Questions yet to be answered: Top


Recently, Coronary CT Angiography (CCTA) has become a widely accepted for noninvasive evaluation of the coronary arteries. CCTA has a very high negative predictive value to rule out CAD [27],[28] . A particular advantage of CCTA over CCS is the fact that noncalcified plaques are also identified, thus providing a more accurate evaluation of the underlying atherosclerotic plaque burden. However, intravenous contrast media has to be used. At present, it is unclear whether identifying the noncalcified plaque adds prognostic information. These questions are currently being evaluated in the prospective cardiac imaging in asymptomatic diabetics Study (CASCAD) which is evaluating the role of biomarkers, exercise capacity, stress echocardiography, CCS and CCTA in asymptomatic diabetics.


   Summary Top


In summary, the current data suggests that CAD systematic screening of asymptomatic diabetic patients by MPI will not alter clinical outcomes of adequately treated patients. However, whether using a directed hybrid screening strategy with CCS and MPI will improve the outcomes of asymptomatic diabetics remains a question looking for an answer.[33]

 
   References Top

1.Wild S, Roglic G, Green A, Sicree R, King H. Global prevalence of diabetes: estimates for the year 2000 and projections for 2030. Diabetes Care 2004; 27:1047-53.  Back to cited text no. 1      
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3.Haffner SM, Lehto S, Ronnemaa T, Pyorala K, Laakso M. Mortality from coronary heart disease in subjects with type 2 diabetes and in nondiabetic subjects with and without prior myocardial infarction. N Engl J Med 1998;339:229-34.  Back to cited text no. 3      
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11.Kang X, Berman DS, Lewin H, et al. Comparative ability of myocardial perfusion single-photon emission computed tomography to detect coronary artery disease in patients with and without diabetes mellitus. Am Heart J 1999;137:949-57.  Back to cited text no. 11      
12.Miller TD, Rajagopalan N, Hodge DO, Frye RL, Gibbons RJ. Yield of stress single-photon emission computed tomography in asymptomatic patients with diabetes. Am Heart J 2004;147:890-6.  Back to cited text no. 12      
13.Rajagopalan N, Miller TD, Hodge DO, Frye RL, Gibbons RJ. Identifying high-risk asymptomatic diabetic patients who are candidates for screening stress single-photon emission computed tomography imaging. J Am Coll Cardiol 2005;45:43-9.  Back to cited text no. 13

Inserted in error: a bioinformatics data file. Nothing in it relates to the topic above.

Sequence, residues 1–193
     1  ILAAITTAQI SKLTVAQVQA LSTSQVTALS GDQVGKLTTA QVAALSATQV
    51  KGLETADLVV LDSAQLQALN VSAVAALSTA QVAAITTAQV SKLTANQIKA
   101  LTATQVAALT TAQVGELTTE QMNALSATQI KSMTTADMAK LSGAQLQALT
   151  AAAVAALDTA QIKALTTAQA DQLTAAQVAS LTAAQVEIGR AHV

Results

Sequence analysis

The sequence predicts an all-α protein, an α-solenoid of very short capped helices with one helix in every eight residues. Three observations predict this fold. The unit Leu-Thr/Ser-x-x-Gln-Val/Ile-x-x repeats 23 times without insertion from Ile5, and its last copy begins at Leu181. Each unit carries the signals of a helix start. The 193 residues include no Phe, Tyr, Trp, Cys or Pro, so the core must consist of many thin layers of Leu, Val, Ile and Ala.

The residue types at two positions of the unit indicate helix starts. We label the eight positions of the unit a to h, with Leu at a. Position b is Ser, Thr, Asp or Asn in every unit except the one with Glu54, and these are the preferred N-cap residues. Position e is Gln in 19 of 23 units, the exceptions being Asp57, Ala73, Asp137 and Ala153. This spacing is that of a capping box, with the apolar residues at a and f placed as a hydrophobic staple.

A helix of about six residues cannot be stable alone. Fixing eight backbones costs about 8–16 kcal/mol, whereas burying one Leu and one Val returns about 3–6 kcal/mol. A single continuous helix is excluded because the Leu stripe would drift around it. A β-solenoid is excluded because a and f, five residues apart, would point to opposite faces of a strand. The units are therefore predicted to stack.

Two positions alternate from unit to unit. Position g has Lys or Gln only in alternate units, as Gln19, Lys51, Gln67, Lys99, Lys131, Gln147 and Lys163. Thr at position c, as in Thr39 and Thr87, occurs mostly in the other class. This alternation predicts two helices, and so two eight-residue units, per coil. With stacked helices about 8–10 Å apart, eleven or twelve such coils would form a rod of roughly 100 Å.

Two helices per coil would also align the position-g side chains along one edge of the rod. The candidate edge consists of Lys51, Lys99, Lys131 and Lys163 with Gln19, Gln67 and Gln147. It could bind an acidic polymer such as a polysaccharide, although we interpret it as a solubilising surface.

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15.Wackers FJ, Young LH, Inzucchi SE, et al. Detection of silent myocardial ischemia in asymptomatic diabetic subjects: the DIAD study. Diabetes Care 2004;27:1954-61.  Back to cited text no. 15      
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24.Greenland P, LaBree L, Azen SP, Doherty TM, Detrano RC. Coronary artery calcium score combined with Framingham score for risk prediction in asymptomatic individuals. JAMA 2004;291:210-5.  Back to cited text no. 24      
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27.Min JK, Shaw LJ, Devereux RB, et al. Prognostic value of multidetector coronary computed tomographic angiography for prediction of all-cause mortality. J Am Coll Cardiol 2007;50:1161-70.  Back to cited text no. 27      
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29.Penfornis A, Zimmermann C, Boumal D, et al. Use of dobutamine stress echocardiography in detecting silent myocardial ischaemia in asymptomatic diabetic patients: a comparison with thallium scintigraphy and exercise testing. Diabet Med 2001;18:900-5.  Back to cited text no. 29      
30.De Lorenzo A, Lima RS, Siqueira-Filho AG, Pantoja MR. Prevalence and prognostic value of perfusion defects detected by stress technetium-99m sestamibi myocardial perfusion single-photon emission computed tomography in asymptomatic patients with diabetes mellitus and no known coronary artery disease. Am J Cardiol 2002;90:827-32.  Back to cited text no. 30      
31.Kang X, Berman DS, Lewin HC, et al. Incremental prognostic value of myocardial perfusion single photon emission computed tomography in patients with diabetes mellitus. Am Heart J 1999;138:1025-32.  Back to cited text no. 31      
32.Schinkel AF, Elhendy A, van Domburg RT, et al. Prognostic value of dobutamine-atropine stress myocardial perfusion imaging in patients with diabetes. Diabetes Care 2002;25:1637-43.  Back to cited text no. 32      
33.Vanzetto G, Halimi S, Hammoud T, et al. Prediction of cardiovascular events in clinically selected high-risk NIDDM patients. Prognostic value of exercise stress test and thallium-201 single-photon emission computed tomography. Diabetes Care 1999;22:19-26.  Back to cited text no. 33